Ask yourself what the following have in common:
- A fairy tale
- A romance
- A horror story
- A police procedural
- A Victorian melodrama
- A children's play
- A spaghetti western
The answer is that such stories, disparate as they may be in content, style and demographics, will almost certainly possess a truly despicable villain. The only question is whether that villain lives in a house in the forest and gobbles up lost children or whether they've seduced our beautiful and headstrong heroine at the time of her greatest vulnerability.
But what really makes a good villain?
Naturally the specifics relate to the book itself but there are many lessons to be learned from popular culture - not just of our generation but also of our recent ancestors. Look at the logic behind what was possible not so many years ago because, as a species, we haven't significantly changed in the meantime. In bygone days, theatre audiences weren’t able to see much of the stage, by-and-large wouldn't be particularly well educated, and would universally want something that they could let off steam over. To coin a phrase, they wanted someone to boo and the louder the better.
From a modern writer’s perspective, the first decision to be taken is whether to have multiple villains or a single one. If the answer's 'a number' then the next question is from the book's perspective - are you going to see things from the point-of-view of the heroes or the villains? If it's the former then the villains should possess minimal individual characteristics as giving them too much personality will reduce their effectiveness; the reader will begin to identify with them.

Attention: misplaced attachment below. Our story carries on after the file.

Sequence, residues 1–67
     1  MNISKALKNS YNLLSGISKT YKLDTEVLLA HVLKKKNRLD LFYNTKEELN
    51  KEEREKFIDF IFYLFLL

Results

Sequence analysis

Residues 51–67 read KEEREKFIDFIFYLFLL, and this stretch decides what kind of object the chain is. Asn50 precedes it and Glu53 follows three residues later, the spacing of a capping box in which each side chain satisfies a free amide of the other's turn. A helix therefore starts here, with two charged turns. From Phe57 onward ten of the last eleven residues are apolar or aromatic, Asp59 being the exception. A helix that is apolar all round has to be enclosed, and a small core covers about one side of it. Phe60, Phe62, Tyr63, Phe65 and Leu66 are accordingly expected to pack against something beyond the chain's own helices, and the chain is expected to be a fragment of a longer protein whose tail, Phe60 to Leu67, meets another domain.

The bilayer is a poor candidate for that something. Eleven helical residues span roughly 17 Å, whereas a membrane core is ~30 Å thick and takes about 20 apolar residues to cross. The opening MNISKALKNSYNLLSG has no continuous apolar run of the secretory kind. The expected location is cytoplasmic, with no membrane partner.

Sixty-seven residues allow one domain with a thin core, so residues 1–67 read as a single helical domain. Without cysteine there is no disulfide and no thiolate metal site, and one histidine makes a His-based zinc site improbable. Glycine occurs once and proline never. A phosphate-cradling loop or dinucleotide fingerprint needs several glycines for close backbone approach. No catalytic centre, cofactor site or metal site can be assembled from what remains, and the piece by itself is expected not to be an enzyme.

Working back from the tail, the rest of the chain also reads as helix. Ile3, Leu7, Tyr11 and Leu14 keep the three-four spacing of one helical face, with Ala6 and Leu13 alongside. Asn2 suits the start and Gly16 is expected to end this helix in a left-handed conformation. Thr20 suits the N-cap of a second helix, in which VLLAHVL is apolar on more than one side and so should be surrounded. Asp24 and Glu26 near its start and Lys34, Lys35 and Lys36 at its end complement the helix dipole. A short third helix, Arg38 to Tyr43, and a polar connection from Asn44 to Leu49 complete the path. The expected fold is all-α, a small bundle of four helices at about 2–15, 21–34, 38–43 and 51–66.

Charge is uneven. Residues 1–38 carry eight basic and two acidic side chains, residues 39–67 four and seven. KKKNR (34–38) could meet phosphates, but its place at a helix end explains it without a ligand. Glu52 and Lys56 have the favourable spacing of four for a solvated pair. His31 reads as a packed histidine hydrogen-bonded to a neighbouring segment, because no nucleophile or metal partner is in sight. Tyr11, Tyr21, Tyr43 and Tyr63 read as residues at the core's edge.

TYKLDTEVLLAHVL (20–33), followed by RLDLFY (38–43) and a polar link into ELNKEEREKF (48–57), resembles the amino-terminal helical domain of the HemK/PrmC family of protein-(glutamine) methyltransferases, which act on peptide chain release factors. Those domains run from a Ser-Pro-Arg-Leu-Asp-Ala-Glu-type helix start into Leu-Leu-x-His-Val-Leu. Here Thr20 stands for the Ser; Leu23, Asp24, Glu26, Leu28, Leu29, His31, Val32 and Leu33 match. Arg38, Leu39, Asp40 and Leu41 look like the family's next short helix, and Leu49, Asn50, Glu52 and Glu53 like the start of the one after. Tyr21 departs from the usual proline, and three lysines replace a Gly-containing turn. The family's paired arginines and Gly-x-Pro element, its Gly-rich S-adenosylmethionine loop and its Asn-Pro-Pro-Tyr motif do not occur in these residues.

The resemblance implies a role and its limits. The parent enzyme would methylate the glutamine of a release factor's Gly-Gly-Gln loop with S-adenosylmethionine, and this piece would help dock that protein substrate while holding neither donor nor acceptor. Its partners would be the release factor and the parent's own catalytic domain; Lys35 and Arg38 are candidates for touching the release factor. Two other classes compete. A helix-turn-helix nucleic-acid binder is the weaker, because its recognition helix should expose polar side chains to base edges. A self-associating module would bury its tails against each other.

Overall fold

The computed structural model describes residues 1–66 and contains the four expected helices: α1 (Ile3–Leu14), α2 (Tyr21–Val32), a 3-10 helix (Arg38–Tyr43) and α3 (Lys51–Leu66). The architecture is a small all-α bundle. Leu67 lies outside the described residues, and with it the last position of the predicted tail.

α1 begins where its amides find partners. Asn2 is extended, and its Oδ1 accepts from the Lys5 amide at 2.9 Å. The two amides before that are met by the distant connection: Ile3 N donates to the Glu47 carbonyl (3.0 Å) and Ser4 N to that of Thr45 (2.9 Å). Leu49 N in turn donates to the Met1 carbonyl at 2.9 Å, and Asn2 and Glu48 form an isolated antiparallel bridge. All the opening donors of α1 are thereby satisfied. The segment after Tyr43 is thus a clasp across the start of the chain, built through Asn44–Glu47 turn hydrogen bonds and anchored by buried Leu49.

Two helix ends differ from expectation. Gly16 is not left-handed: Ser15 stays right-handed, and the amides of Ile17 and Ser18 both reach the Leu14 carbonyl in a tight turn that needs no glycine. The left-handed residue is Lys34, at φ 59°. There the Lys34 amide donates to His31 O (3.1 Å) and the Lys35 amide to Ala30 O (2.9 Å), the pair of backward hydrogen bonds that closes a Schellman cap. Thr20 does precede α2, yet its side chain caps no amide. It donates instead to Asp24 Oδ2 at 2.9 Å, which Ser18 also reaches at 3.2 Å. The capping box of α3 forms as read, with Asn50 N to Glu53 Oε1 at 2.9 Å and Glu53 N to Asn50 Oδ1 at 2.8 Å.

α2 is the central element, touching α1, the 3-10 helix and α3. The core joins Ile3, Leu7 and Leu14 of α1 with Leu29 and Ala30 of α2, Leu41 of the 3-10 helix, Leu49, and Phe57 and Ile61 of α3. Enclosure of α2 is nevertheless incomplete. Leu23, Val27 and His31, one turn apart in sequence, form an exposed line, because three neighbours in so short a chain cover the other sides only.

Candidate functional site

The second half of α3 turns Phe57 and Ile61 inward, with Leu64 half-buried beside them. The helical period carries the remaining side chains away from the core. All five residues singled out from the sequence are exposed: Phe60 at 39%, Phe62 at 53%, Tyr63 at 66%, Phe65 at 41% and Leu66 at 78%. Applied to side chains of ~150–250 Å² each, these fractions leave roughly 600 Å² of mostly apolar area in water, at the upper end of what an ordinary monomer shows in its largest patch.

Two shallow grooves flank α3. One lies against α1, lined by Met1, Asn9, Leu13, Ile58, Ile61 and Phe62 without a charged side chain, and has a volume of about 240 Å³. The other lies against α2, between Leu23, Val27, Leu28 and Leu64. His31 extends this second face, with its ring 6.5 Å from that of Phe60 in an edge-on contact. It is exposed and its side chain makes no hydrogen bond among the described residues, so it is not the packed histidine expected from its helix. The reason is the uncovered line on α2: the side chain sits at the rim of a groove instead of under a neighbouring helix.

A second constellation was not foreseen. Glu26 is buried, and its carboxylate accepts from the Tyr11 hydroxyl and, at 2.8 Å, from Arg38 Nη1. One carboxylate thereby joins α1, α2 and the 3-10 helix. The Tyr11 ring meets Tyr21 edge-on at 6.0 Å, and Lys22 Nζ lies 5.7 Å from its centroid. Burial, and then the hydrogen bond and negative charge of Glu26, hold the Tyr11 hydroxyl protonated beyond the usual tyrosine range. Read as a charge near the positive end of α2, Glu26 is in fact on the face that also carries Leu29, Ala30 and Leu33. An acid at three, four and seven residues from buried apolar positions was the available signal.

If you’re going to write from the point of view of the bad guys then, yes, you do need to develop their characters and this is where you can have some fun. As with the principle of theatre, it's perfectly permissible to go a little bit over the top. The reader isn't likely to want someone who's a 'bit on the bad side' doing things which 'aren't very nice'. They want someone really evil doing mind-bogglingly horrible stuff. NB this doesn't mean a splatter-fest - there needn't be an ounce of gore in the storyline for this criterion to be fully satisfied. Your truly bad guy can be the evil seducer or the wicked witch just as easily as they can be the mad psychopath or the bandito with the bad teeth and an even worse attitude.
With a group of bad guys try hard to think of something which links them. Don't forget that altruism won't figure highly on their agenda so come up with a good reason why they stick together - e.g. through fear, greed, power etc. The higher the level of 'bad-ness', the stronger the glue you're going to need to hold them together so work on this before you start putting 'pen to paper'.
A book without a solitary bad guy is likely to be insipid yet a book without a good guy isn’t of necessity a bad read. This is because we still like to be able to boo our villains – good and loud.
Now, there's a message there somewhere.
Clive West is the author of a collection of short stories featuring a selection of rogues, as well as a full-length novel called 'The Road' in which the bad guys are just ordinary folks who use their position of power for self-gain and who justify their actions through selectively ignoring the consequences of their action or inaction.
Clive is also co-owner of Any Subject Books and you can see more about them on their website or on Facebook.